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Aug.8, 2016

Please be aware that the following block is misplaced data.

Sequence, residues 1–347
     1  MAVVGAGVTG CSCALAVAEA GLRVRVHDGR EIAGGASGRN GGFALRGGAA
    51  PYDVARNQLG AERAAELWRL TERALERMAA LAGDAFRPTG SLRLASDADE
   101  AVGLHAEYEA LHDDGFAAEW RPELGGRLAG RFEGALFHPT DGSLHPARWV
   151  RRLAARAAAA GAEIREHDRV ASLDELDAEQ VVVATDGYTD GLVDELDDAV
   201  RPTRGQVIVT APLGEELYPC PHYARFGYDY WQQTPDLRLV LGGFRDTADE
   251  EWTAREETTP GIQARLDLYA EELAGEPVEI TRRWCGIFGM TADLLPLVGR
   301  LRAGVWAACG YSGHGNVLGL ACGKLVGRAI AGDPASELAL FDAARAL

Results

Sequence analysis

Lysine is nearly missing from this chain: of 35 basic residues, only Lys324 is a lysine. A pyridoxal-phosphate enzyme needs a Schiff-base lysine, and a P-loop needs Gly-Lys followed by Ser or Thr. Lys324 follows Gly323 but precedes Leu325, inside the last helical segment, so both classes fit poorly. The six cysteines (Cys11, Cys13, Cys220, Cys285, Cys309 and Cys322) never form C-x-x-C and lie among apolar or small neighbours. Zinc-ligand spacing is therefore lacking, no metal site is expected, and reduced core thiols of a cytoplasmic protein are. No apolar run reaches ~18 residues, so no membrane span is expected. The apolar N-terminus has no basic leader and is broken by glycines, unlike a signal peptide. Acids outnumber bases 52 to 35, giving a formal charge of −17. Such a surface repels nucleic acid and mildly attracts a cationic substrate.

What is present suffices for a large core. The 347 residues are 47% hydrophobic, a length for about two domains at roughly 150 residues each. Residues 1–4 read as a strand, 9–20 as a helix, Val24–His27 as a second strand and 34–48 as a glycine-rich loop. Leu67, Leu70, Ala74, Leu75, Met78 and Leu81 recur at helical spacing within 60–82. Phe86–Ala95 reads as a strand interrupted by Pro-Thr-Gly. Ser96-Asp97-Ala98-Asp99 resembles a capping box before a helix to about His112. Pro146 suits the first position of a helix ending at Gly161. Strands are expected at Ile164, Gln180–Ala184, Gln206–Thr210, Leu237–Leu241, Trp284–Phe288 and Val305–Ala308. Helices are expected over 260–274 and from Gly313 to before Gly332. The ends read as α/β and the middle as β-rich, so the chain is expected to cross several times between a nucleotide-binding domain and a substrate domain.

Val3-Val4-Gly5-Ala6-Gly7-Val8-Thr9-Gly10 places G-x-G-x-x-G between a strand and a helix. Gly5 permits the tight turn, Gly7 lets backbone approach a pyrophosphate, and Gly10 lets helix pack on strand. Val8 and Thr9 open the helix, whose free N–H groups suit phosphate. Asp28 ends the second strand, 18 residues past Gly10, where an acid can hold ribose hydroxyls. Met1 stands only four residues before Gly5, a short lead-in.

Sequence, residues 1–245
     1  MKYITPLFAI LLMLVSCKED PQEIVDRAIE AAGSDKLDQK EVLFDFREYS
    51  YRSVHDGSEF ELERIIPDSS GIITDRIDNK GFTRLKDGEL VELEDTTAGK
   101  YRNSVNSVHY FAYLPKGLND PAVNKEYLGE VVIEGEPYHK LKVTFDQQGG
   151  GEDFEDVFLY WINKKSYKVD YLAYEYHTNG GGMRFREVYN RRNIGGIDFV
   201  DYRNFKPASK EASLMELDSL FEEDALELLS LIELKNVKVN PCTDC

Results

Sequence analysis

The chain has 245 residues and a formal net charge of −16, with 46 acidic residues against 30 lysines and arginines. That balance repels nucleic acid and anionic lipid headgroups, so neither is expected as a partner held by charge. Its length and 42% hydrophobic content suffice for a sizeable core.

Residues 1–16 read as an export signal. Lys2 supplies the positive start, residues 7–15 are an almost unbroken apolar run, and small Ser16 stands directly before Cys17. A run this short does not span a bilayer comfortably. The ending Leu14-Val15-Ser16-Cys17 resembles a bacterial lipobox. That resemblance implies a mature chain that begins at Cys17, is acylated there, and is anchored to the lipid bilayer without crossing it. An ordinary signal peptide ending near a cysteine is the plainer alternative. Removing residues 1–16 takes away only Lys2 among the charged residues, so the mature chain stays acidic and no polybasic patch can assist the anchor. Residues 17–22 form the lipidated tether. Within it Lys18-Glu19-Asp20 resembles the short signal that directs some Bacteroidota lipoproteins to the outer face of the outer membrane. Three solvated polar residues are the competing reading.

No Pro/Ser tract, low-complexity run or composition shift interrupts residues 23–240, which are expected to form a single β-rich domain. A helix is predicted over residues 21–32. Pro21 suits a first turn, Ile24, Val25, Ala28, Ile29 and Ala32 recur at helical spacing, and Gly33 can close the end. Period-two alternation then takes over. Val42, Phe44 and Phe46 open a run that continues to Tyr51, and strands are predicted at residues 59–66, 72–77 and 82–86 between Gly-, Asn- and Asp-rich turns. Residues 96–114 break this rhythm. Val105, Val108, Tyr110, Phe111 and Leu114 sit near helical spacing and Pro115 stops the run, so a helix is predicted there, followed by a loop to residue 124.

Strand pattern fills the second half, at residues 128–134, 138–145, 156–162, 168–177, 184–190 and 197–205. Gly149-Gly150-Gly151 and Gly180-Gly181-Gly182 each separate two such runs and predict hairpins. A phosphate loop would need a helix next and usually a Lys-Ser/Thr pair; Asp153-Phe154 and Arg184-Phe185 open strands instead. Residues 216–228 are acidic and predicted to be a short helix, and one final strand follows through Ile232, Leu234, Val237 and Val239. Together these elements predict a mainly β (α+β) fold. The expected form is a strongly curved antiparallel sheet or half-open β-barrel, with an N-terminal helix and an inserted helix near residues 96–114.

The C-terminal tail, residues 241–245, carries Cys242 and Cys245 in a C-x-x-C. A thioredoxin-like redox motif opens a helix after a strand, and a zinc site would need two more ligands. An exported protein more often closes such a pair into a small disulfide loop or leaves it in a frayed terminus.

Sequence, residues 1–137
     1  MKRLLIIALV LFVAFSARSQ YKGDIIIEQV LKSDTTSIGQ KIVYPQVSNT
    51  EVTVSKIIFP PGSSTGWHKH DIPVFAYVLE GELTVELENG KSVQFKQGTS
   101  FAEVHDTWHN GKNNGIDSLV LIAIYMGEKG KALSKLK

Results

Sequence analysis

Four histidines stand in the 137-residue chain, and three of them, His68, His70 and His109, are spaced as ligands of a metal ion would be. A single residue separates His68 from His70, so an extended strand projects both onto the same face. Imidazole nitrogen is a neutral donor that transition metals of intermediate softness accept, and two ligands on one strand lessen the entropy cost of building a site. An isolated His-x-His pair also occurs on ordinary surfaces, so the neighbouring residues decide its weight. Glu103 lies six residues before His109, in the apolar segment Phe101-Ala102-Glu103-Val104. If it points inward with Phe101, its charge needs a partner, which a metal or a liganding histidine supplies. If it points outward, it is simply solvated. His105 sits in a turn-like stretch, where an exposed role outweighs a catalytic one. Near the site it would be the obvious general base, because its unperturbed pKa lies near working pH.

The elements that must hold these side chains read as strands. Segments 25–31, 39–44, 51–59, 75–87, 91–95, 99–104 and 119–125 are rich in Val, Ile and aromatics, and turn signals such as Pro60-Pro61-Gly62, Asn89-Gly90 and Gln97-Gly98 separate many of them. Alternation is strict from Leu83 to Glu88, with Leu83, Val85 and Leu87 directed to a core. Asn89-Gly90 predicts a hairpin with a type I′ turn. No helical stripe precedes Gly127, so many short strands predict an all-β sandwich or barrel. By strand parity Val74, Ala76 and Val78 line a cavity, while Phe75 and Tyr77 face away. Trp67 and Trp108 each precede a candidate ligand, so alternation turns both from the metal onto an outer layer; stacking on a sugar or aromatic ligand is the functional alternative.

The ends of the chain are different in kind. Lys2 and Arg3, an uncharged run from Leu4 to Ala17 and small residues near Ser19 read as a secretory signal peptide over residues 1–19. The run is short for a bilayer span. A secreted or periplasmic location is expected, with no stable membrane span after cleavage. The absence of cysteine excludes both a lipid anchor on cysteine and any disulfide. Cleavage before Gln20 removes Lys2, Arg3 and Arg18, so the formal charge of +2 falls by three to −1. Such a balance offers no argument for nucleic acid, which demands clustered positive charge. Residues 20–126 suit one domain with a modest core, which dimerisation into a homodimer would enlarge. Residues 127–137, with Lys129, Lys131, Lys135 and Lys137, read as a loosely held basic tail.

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BENEATH THE SURFACE 18 THE JOURNAL OF COMMERCE AUGUST 8.2016 Gary Ferrulli IS THIS PROGRESS? WITH THE FIRST half of the year behind us, it's time to examine whether there's been any improve- ment a round major conta iner shipping issues. When the year began, reliability was high on peo- ple's lists and that has improved somewhat, even if shippers still complain bitterly about that and transit times. Labor? There have been no lengthy shutdowns or slowdowns, though there has been a lot of talk about early contract negotiations to avoid those in the future. That's a rerun, however, and it didn't work the last time. Those talks also consistently avoid the issue of pro- ductivity. Please wake up! It makes a huge difference in so much of what we talk about: handling big ships; costs associated with U.S. ports and terminals; land usage; port and ter- minal automation; access to cargo; congestion; extended gates and truck queues. As for the state of the shipping industry, you may need a program to tell who the players are. Besides CM A CGM ta king over NOL/ APL, United Arab Shipping Co. and Hapag-Lloyd are on track to merge; the Korean carriers seem to be in a state of flux with several rumors — all denied —about Maersk Line acquiring Hyundai Merchant Marine, and the announcement that it would join the 2M with Maersk and Mediterranean Shipping Co. Intrigue abounds: It would be one way to help the ailing Korean ship- ping industry, while Maersk would get newer replacement vessels with- out ordering new ships and further glutting the market. There's also the rumor that didn't quite make the headlines: Maersk buying Hamburg Sud, a deal that, on the surface, makes commer- cial sense, because Maersk again would gain newer capacity without exacerbating overcapacity. And, of course, there have been numerous alliance announcements, which raise questions not only about who will be working with whom, but also the huge issue about which ports and terminals they'll serve. On the landside, what railroads do each carrier use and how might that impact on-dock rail issues? There has been some discussion about the next step in industry cost savings coming from the land side, starting with the ports and termi- nals. Consolidation on that front is complicated by lengthy contracts between the carriers, ports and ter- minals, however, and I cringe at the prospect of coordinating those oper- ations with alliances of up to seven lines. And that still leaves some smaller players out there alone, or with VSAs that may or may not be in place a year from now. Finally, the elephant in the room: carrier profitability. Some point to the mergers and acquisi - tions as a step in the right direction. Some point to capacity-management prog rams carriers have imple- mented to stabilize rates. I'm not sure they've done enough to make it work. For example, following recent increases in eastbound trans- Pacific spot rates, carriers imposed a general rate increase on July 15, the very day they announced a decrease to take effect three days later — and followed by a huge peak- season surcharge for Aug. 15. Two or three contract rate changes in a week might be great for data input employees' overtime, but it causes the rest of our heads to spin. Unless lightning strikes, the industry will lose money for the sixth straight year, and that's not good news for anyone associated with or using containerized ship - ping. The inevitable reduction in the number of global carriers is in no one's best interest. Low rates for months, even years, isn't the way to reliability, competition, innovation or enhanced services. It is the road to limited options, eerily similar to the evolution of the U.S. rail industry after deregulation. In that case, the largest shippers pushed through the legislation believing that, with their buying power, they'd be just fine. They also knew smaller shippers, with - out common-carriage principals, wouldn't be able to compete. What's left is thousands of miles of abandoned track, many locales without rail service, a virtual end to real rate negotiations and screams from shippers that they aren't pro- tected from abuse of market power. Large shippers asked for it, and they got it. It seems the railroad management of the 1980s and 1990s was a lot like the Disney character Br'er Rabbit, who cried and pro- claimed, "Don't throw me in that briar patch. Please don't throw me in that briar patch!" Could we be in the same place w it h ocea n ca rriers a nd t heir management? Certainly, the herd is being thinned, and capital road - blocks to entry into global services ma ke new compet it ion nea rly impossible. With price-fixing and antitrust immunity, carriers for decades had a license to print money, yet scores went bankrupt and few made money. If they couldn't thrive in that environment, how can they now? Even with the herd thinned, is there overall management capacity to take full advantage of the condi- tions being created? Certainly, Maersk has a bull's- eye on profitability — it's made billions of dollars over the past five years, while the rest of the industry has foundered. OOCL also has done reasonably well, but that's more a reflection of its smaller size. As for the other large carriers, it's a work in progress, at best. As usual, time will tell, but I've seen this movie before, and it doesn't end well. JOC Gary Ferrulli is president-North America for Unicon Logistics. Contact him at

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